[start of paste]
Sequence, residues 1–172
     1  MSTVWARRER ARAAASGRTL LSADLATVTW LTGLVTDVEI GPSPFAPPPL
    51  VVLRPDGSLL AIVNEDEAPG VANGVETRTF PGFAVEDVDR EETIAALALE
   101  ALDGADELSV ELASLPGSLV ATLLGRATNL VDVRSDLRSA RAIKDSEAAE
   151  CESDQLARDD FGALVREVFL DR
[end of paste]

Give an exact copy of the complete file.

Sequence, residues 1–172
     1  MSTVWARRER ARAAASGRTL LSADLATVTW LTGLVTDVEI GPSPFAPPPL
    51  VVLRPDGSLL AIVNEDEAPG VANGVETRTF PGFAVEDVDR EETIAALALE
   101  ALDGADELSV ELASLPGSLV ATLLGRATNL VDVRSDLRSA RAIKDSEAAE
   151  CESDQLARDD FGALVREVFL DR